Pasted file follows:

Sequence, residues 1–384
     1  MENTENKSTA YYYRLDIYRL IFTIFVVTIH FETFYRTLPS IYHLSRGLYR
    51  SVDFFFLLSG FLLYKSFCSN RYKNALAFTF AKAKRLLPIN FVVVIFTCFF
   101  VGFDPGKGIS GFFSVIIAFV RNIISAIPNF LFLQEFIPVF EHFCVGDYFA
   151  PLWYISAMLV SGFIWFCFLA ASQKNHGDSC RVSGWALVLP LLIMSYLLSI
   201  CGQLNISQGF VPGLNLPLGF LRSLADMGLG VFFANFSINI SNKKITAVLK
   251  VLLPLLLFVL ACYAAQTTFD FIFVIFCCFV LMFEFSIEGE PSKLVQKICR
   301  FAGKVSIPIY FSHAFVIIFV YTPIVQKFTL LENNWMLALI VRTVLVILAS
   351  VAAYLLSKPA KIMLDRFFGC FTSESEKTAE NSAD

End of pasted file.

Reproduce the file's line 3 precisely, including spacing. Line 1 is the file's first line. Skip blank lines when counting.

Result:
    51  SVDFFFLLSG FLLYKSFCSN RYKNALAFTF AKAKRLLPIN FVVVIFTCFF